The science of gratitude put into practice

By Dave Henning / January 29, 2020

“The science of gratitude is pretty straightforward, but putting it into practice is an art form.  Not only is experimenting with new ways of expressing gratitude advisable, it’s also biblical (see Psalm 96:1). . . .  God doesn’t just want to be worshipped out of left-brain memory; He wants to be worshipped out of right-brain imagination.”- Mark Batterson

Mark Batterson moves on in Chapter 8 of Double Blessing as he observes that naming your blessings one by one represents the most practical way to count your blessings.  But, Pastor Batterson asserts, this activity is more than just a best practice.  It’s also the baseline of obedience.   For, Mark notes, the apostle Paul wrote in 1 Thessalonians 5:16-18, “Rejoice always, pray continuously, give thanks in all circumstances, for this is God’s will for you in Christ Jesus.”

Of course, that’s much easier said than done.  However, Pastor Batterson finds that daily jotting down what he’s grateful for serves as a gratitude alarm.  And that alarm reminds him that God’s mercies are new every morning.  As a result, Mark provides four guardrails for the gratitude challenge:

  1. Buy a journal.  Choose the type that works best for you.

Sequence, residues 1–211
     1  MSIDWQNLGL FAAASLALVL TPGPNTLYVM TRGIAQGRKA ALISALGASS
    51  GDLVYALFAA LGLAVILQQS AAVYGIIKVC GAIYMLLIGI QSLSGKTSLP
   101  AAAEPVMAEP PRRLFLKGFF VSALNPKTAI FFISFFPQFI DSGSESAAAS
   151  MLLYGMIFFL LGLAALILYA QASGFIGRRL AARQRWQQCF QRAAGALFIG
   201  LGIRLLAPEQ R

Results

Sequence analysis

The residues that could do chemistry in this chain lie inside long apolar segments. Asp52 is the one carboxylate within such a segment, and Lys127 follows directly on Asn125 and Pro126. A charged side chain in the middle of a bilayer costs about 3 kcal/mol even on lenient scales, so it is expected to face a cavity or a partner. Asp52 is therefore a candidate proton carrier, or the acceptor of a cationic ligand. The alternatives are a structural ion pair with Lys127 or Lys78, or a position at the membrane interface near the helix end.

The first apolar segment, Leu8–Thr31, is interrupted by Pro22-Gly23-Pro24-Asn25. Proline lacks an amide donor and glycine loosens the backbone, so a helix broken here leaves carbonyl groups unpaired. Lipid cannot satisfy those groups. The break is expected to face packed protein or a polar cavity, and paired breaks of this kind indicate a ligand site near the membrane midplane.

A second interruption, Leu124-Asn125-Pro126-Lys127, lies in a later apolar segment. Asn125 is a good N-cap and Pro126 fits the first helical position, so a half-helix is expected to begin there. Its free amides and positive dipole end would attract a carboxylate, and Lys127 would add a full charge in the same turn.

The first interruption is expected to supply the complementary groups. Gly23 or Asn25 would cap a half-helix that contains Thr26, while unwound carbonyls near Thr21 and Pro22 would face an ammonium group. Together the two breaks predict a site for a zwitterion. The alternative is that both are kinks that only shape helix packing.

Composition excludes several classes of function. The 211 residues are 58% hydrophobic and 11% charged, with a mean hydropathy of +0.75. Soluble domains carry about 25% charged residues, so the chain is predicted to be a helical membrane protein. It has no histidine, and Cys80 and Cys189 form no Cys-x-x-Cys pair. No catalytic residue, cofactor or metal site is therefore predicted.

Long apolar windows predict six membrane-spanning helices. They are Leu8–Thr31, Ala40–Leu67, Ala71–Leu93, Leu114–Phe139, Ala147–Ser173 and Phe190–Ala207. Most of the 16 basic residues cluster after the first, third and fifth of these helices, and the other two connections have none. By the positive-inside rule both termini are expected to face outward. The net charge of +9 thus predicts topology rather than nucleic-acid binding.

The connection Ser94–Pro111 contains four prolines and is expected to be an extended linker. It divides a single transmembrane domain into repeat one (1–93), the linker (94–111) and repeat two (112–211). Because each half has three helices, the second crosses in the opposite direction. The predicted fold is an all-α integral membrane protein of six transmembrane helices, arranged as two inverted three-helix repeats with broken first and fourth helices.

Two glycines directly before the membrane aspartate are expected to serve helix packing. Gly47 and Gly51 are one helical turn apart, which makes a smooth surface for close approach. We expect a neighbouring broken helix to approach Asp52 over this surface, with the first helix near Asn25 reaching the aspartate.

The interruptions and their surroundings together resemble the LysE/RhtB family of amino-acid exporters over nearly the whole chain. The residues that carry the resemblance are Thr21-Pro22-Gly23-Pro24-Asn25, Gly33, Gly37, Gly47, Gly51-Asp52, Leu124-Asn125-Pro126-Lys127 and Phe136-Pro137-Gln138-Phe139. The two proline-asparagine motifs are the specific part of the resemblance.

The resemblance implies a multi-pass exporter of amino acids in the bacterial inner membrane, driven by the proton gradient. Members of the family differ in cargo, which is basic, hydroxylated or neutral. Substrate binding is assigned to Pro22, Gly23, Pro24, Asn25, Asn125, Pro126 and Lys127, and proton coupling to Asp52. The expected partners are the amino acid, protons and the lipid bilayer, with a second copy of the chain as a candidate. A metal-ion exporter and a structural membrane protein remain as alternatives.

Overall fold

2. Write down three gratitudes every day.  Because one or two is too easy!
  3. Do it for forty consecutive days.  There’s something biblical about that number!  Plus, that’s long enough to establish a gratitude habit.
  4. Recruit a friend to do it with you.  It’s more meaningful when you journal with someone you love.  He/she also keeps you accountable.

Finally, Mark notes the importance of praising God for the little things:

“Most of us are good at praising God for the big things, but we fail to praise God for the little things.  And we’re good at praising God after the fact, but not a second before.  Gratitude is thanking God after He does it, and that’s great.  But faith is next-level gratitude.  Faith is thanking God before He does it.  It’s prophesying your praise!”

Today’s question: How do you put the science of gratitude into practice?  Please share.

Tomorrow’s blog: “A partial miracle – praising God?”

About the author

Dave Henning

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